Earwax may be unsightly but it serves a crucial function; preventing dust, bacteria, germs, and small objects from entering your ears and causing damage. It also acts as a natural moisturizer and prevents the skin in your inner ear from getting too dry or irritated. In some cases, however, the glands that produce earwax may go into overdrive and produce too much wax, leading to a build-up of wax in the ear.
So how can you clear out wax build-up without accidentally pushing it deeper into your ear and causing a blockage? Here’s a quick guide on how to clean earwax from your ear at home;
Use Over-the-Counter Cleaning Drops
Over-the-counter (OTC) ear cleaning drops can be helpful if you only have a small amount of wax build-up. Cleaners that contain hydrogen peroxide, baby oil, mineral oil, glycerine, peroxide, and saline are especially effective at breaking up hardened ear wax. You can get PTC ear drops from most pharmacies in London.
Lie on your side and place the required number of drops into your ear. Let the solution sit for at least five minutes to soak into the wax and break it up. Then rinse the ear out and repeat on the other side. This should be enough to clear all the excess from your ears.
Note that this method may not suffice if you have too much wax build-up or impacted cerumen, a condition where wax hardens up and blocks the ear canal.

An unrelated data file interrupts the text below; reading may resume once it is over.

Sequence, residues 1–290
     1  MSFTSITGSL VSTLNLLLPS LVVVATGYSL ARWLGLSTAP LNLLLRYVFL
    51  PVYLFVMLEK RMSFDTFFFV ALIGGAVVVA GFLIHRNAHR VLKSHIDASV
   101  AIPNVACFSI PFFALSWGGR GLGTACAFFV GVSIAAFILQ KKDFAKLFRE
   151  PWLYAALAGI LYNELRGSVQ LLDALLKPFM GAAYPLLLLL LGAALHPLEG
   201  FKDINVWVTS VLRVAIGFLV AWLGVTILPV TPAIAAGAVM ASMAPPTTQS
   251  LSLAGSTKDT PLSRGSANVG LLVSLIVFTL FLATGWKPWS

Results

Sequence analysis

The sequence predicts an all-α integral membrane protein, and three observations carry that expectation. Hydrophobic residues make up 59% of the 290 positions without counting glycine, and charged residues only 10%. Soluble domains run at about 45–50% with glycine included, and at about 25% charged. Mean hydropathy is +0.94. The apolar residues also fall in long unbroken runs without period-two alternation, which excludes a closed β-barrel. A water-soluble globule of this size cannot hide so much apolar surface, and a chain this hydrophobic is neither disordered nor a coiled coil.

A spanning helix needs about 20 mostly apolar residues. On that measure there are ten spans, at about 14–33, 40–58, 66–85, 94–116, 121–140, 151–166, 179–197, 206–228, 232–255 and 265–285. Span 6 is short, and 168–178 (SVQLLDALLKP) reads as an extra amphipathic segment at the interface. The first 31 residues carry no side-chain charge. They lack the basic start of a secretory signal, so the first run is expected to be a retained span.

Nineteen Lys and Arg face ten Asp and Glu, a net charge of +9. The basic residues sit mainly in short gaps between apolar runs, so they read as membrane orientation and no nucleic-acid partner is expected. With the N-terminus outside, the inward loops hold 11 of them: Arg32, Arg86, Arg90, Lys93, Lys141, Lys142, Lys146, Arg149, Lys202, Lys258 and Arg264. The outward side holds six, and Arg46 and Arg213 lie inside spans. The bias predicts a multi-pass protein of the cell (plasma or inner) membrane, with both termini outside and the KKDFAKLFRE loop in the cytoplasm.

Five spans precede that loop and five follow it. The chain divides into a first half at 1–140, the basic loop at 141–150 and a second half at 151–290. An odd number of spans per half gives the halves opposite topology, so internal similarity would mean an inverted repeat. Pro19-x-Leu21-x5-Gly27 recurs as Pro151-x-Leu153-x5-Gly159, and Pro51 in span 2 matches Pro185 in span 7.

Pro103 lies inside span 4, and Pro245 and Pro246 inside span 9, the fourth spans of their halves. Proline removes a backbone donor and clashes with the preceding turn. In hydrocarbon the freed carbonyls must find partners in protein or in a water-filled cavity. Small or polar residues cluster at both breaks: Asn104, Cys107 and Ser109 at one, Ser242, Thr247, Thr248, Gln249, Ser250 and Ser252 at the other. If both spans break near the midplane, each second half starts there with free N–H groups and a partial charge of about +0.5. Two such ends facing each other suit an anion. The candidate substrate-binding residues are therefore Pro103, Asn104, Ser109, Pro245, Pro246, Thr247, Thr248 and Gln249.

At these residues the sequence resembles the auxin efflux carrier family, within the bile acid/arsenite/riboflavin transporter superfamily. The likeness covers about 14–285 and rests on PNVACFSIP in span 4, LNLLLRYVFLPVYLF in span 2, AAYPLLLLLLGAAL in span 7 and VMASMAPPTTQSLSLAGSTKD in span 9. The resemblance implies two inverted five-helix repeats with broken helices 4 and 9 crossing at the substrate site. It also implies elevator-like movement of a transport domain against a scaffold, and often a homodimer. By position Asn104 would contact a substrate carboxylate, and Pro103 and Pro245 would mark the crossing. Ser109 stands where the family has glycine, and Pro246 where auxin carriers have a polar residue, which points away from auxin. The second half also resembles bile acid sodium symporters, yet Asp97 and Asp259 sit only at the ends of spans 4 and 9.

Use a Damp Washcloth
Alternatively, you can also use a damp washcloth to clean wax out of your ears if you don’t have a lot of wax build-up. Avoid using cotton swabs as they can push the wax deeper into your ear canals and cause a blockage. A warm, damp cloth is a much better and safer way to clean the outside of your ears.
Use a Bulb Syringe
A bulb syringe is a syringe with a compression bulb on one end that can be used to drain bodily secretions like nasal and oral secretions. In this case, you can use a bulb syringe to flush your inner ear with warm water or a saline solution. Using an ear wax softener 15-30 minutes before you flush your inner ear will break up the wax and make the flushing more effective.
Fill the syringe with warm water (preferably warmed to your body temperature to prevent dizziness) or saline solution. Then lie on your side, place the syringe at the opening of your ear and gently squeeze the bulb to flush your ear with the solution. The solution should break down the wax and make it easy to rinse out.
You shouldn’t irritate or flush your ears if you suffer from diabetes, have a hole in your eardrum, have tubes in your eardrums, or have a compromised immune system.
Earwax Removal Hacks to Avoid
Some methods for removing earwax can end up causing damage to your ears. Let’s talk about the two most common earwax removal methods you should avoid;
Cotton swabs are known to cause ear problems like wax impaction, inner ear injury, and infection, and they push earwax deeper into the ear canal. You may get an ear infection if the tip of the swab scratches the skin. Even worse, you could damage or rupture your eardrum if you are too rough
Earwax removal candles
Earwax candles are dangerous and ineffective at getting rid of ear wax. The fire puts you at risk of burns and the wax from the candle could accidentally enter your ear and cause complications
Contact Regional Services today for more tips on how you can safely clean earwax from your ears.